Photo Credit: gpointstudio / iStockphoto.com
Hidden Health Concerns That Could Be Complicating Your Condition
Some illnesses tend to occur alongside other illnesses, overlapping their painful sets of symptoms. Fibromyalgia is one of these conditions. In fact, most fibro patients probably struggle with another physical or psychological disorder at the same time — and many don’t even realize it.
Fibromyalgia brings widespread and varied symptoms, so naturally it can be confused for other conditions. Although there is clear fibromyalgia diagnostic criteria, the disease is difficult to measure and nearly impossible to see, so misdiagnosis is still a real problem.
An accurate and complete diagnosis could be the breakthrough you need for good symptom management. In order to get a better diagnosis, you’ll need to know what other conditions might be adding to your pain, and how to spot them.
Common Overlapping Pain Conditions
In many cases, the problem isn’t a misdiagnosis, but rather an inadequate diagnosis. Several conditions are known to overlap with fibromyalgia (which earns them the title of “comorbid” conditions), but they can hide behind fibro symptoms for quite a while. If you’ve been diagnosed with fibromyalgia, be sure to watch out for signs of these overlapping problems.
Chronic Fatigue Syndrome
This is the most common of the fibromyalgia comorbidities. There’s a good deal of similarity between the two diseases — namely, extreme exhaustion and weakness.
In fact, the two conditions can be so similar that experts continue to debate whether or not they are slightly different manifestations of the same underlying condition. According to the Arthritis Foundation, between 50 percent and 70 percent of people with fibromyalgia can also be diagnosed with chronic fatigue syndrome.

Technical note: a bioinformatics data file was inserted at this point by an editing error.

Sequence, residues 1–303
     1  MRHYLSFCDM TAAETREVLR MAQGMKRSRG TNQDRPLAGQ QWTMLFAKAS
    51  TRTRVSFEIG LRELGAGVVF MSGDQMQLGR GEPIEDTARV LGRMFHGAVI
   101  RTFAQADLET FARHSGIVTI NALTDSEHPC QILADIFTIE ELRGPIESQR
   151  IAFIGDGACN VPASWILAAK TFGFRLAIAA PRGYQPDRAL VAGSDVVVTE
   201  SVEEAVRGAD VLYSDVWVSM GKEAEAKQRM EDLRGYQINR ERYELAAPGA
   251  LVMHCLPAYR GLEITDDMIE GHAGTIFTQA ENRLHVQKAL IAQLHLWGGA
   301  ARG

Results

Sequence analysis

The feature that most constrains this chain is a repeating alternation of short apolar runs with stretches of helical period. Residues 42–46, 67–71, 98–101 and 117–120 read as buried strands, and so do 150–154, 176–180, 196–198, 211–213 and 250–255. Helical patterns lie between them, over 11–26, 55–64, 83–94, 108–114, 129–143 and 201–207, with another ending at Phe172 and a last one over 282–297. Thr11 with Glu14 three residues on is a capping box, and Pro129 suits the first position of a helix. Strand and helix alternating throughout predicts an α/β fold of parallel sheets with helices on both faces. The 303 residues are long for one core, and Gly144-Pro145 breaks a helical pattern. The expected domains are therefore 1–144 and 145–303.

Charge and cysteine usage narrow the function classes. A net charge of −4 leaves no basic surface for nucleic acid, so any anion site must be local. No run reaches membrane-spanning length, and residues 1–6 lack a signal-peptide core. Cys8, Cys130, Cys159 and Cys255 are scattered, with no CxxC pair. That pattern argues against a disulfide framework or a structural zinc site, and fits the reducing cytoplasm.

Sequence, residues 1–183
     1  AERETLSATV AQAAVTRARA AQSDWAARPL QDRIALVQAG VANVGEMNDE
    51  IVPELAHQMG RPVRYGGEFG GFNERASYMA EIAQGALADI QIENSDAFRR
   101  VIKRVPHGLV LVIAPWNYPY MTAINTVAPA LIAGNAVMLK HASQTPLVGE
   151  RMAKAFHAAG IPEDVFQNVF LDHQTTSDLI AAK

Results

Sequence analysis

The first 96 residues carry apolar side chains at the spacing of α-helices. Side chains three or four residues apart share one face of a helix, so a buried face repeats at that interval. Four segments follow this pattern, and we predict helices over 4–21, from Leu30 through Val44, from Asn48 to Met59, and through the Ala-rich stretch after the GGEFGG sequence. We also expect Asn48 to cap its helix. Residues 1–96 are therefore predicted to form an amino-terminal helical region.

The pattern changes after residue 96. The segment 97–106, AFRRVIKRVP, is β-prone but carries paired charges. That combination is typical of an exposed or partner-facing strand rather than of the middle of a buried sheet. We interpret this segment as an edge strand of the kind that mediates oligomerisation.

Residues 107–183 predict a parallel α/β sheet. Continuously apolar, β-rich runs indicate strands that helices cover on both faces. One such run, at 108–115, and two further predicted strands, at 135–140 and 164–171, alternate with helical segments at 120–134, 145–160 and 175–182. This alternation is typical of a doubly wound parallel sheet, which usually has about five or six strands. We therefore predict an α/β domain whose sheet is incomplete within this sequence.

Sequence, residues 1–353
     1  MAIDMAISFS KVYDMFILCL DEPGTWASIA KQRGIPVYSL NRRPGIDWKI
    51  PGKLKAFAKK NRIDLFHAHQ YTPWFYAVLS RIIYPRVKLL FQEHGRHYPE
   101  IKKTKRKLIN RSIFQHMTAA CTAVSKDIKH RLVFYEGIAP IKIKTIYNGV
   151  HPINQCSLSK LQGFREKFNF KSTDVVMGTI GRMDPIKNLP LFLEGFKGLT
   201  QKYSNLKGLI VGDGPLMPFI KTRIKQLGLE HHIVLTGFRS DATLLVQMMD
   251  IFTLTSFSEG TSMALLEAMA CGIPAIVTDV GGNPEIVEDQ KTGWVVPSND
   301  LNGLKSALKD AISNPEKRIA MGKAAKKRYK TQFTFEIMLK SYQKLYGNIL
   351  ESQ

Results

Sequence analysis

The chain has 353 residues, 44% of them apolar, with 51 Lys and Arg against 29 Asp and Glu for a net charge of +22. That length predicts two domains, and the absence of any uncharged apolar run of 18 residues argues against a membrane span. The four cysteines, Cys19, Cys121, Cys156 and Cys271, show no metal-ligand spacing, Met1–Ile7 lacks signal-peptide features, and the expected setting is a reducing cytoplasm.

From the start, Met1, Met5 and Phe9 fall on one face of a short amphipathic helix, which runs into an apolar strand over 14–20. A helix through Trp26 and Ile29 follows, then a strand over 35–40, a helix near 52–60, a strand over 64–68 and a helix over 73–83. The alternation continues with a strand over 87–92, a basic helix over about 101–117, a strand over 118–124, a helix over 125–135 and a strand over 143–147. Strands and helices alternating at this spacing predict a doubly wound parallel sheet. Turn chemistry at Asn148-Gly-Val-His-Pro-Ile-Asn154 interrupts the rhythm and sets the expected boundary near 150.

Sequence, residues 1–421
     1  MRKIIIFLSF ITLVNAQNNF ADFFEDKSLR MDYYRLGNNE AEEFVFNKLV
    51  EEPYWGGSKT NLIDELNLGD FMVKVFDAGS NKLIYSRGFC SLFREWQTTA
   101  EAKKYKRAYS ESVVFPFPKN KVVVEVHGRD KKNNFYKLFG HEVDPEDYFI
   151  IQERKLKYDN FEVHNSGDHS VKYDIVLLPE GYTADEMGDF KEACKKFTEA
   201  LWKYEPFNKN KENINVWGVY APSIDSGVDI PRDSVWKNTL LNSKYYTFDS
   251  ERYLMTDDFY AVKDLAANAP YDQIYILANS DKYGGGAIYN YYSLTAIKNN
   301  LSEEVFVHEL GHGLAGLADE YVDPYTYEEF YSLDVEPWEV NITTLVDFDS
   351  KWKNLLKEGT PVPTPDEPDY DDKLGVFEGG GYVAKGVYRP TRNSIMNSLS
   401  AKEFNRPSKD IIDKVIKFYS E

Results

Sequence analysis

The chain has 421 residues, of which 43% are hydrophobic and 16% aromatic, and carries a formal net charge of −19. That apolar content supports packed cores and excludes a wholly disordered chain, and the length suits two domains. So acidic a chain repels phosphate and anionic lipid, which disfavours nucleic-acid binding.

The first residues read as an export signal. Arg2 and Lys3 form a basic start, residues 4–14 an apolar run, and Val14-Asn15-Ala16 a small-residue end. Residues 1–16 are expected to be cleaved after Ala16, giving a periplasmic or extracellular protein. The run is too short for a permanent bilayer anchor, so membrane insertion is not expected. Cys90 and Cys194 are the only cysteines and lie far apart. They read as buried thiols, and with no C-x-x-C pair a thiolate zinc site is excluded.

However, several elements suggest they are distinct diseases, with separate sets of symptoms that often require different treatment approaches. For instance, chronic fatigue generally brings an inflammatory response (fever and swelling) while fibromyalgia does not, and the predominant fibromyalgia symptom is pain in very specific sites around the body, which isn’t seen in chronic fatigue syndrome.
Headache and Migraine
Over half of fibromyalgia patients complain of frequent headaches or migraines. Studies show that those who suffer with both fibromyalgia and headaches also experience more severe pain and depression than patients with headache alone.
Experts suspect that abnormalities in specific chemical messengers in the brain are to blame for both headache pain and widespread muscle pain (namely, serotonin and epinephrine). In effect, the body responds to stimulation that’s not normally painful with pain sensations.
PMS and Painful Periods
Many women with fibromyalgia can expect longer and more severe stretches of PMS, and heavier, more painful periods. Some of the most common complaints are:
- Severe cramps
- Swollen feet and hands
- Significant mood swings
Summer’s around the corner, and it’s the perfect time to get outside and have a little fun. Here are seven fibromyalgia summer activities.
Irritable Bowel Syndrome
The hormonal malfunctions in the brain that come with fibromyalgia could explain why so many sufferers also struggle with digestive issues. Since recent research shows just how closely the brain and the gut are linked, it’s no surprise that abdominal pain, constipation, diarrhea, bloating and chronic nausea — the main elements of irritable bowel syndrome (IBS) — show up so often.